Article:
WASHINGTON — The Treasury Department announced Tuesday that 10 of the industry's largest institutions would pay back $68 billion in Troubled Asset Relief Program funds.

Although Treasury did not make it clear which companies would be returning Tarp, sources said the list was: Northern Trust, BB&T, Morgan Stanley, State Street, JPMorgan Chase & Co., US Bancorp, American Express, Capital One Financial Corp., Goldman Sachs, and Bank of New York Mellon.

In a press release, JPMorgan confirmed it had received permission to repay its $25 billion in Tarp funds.

"Paying back Tarp at this time is the right thing for JPMorgan Chase, and it's the right thing for our country," said Jamie Dimon, the company's chairman and chief executive.

Dimon said the company remains committed to "continued robust lending and to doing the right thing for the company's customers, communities, employees and shareholders."

The other companies were expected to follow shortly with their own announcements.

Though several smaller banking companies have already returned $2 billion to the Treasury, the announcement Tuesday marked the first high-profile firms allowed to repay Tarp. Several companies have agitated to return Tarp money since Congress began attaching additional conditions to the funds and the public grew outraged over bank bailouts. The recent results of stress tests gauging large banks' capital adequacy also suggested institutions no longer needed the government capital.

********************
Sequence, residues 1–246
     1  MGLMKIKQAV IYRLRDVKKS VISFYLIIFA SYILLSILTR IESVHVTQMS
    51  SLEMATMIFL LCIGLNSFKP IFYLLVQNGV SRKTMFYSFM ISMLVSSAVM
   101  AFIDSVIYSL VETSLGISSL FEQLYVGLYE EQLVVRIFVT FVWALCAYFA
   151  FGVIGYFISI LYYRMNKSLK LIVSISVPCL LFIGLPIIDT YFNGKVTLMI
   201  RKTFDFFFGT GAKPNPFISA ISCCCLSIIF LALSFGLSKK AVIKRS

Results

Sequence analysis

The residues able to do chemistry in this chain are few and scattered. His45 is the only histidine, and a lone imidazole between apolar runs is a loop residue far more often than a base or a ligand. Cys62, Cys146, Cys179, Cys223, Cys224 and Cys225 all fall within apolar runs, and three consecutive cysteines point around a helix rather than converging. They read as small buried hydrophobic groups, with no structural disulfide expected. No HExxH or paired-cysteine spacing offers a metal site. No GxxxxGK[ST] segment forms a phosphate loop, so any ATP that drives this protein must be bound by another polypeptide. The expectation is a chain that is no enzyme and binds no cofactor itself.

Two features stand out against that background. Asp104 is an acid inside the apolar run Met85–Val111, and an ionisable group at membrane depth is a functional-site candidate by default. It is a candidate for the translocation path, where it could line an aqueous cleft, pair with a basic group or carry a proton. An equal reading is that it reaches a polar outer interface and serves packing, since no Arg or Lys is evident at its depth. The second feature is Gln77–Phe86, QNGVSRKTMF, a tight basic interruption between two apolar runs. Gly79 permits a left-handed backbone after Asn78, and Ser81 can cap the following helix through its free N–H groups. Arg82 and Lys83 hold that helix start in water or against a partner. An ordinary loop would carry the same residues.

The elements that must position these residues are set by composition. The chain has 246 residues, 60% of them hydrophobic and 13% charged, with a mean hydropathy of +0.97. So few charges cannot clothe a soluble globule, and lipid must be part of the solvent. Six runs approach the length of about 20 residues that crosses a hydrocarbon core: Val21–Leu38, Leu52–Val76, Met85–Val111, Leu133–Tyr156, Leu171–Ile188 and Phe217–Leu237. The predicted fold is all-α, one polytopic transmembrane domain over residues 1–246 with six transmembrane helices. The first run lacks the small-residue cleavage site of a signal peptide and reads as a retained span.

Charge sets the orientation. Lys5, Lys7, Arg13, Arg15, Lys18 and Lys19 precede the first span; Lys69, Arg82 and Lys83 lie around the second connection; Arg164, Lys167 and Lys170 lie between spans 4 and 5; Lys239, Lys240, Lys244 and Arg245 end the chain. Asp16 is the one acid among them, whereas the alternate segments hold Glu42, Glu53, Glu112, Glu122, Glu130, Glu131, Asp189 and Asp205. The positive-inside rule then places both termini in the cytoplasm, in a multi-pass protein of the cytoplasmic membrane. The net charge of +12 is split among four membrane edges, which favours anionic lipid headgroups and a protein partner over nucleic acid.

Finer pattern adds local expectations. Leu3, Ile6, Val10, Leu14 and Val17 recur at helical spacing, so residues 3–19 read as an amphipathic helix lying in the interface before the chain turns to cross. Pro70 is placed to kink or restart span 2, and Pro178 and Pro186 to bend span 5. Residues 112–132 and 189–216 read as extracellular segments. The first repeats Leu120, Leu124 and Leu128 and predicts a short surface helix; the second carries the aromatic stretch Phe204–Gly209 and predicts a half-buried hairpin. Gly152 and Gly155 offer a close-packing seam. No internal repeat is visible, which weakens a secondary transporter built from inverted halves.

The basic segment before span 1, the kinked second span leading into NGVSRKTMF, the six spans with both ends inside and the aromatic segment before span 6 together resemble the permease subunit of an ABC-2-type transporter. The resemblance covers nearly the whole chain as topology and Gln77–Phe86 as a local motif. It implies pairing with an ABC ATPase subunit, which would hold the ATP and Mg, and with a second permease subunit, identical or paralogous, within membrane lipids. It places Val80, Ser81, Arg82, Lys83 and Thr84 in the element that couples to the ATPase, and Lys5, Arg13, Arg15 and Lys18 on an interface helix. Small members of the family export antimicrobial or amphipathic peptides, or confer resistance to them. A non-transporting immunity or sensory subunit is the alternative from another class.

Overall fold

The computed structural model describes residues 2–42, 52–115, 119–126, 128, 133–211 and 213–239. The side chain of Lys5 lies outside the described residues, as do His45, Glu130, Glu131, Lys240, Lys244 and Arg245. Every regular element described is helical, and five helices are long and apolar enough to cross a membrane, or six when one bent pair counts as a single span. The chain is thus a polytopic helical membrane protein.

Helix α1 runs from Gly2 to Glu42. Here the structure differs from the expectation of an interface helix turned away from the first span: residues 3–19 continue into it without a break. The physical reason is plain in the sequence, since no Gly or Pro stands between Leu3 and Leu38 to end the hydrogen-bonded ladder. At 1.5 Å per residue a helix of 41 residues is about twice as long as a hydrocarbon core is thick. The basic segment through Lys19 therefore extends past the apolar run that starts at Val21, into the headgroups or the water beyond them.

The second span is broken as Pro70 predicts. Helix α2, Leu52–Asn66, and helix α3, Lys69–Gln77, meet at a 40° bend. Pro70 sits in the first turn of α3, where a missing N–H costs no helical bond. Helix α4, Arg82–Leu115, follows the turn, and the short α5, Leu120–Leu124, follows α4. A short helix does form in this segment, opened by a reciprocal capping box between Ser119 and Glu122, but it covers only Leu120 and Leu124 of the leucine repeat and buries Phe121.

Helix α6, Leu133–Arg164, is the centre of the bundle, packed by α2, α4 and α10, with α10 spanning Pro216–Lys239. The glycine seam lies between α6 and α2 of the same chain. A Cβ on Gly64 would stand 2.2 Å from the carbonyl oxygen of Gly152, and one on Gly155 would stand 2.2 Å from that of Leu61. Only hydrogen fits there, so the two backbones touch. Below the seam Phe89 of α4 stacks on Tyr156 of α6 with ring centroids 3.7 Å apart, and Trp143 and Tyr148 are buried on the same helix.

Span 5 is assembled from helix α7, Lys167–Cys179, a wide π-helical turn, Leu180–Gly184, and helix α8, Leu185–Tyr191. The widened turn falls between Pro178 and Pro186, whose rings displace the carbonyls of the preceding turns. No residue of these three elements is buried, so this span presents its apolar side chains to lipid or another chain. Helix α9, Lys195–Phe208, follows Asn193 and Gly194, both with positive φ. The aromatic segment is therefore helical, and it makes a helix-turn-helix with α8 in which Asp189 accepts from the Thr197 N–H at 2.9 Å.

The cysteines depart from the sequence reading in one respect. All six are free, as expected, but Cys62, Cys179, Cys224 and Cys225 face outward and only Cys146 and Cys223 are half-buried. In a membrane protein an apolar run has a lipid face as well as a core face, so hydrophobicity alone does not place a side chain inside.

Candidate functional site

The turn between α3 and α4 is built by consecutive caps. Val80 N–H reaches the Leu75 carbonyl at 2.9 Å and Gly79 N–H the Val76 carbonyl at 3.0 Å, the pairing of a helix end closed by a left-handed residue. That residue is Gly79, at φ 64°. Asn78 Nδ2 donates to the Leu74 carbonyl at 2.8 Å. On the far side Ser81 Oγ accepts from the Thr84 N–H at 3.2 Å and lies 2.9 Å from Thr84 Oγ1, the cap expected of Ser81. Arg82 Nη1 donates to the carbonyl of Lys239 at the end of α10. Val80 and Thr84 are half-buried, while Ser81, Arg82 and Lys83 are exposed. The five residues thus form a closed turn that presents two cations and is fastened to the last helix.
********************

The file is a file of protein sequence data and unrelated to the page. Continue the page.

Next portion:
In the release, Treasury Secretary Tim Geithner said the repayments indicate a system rebound.

"These repayments are an encouraging sign of financial repair, but we still have work to do," he said.

The Treasury said last month that banks wishing to repay Tarp had to prove they could raise capital on their own and issue debt without government backing.

 "For the first time in months, these banks have issued long-term debt that is not guarantee by the government," Treasury said.

Under agreements in the Capital Purchase Program — a piece of Tarp — companies that give back capital still retain the right to repurchase warrants that Treasury holds at fair market value, the government said. The 10 institutions have also paid a total of roughly $1.8 billion in dividends for the government's preferred shares over the last seven months.

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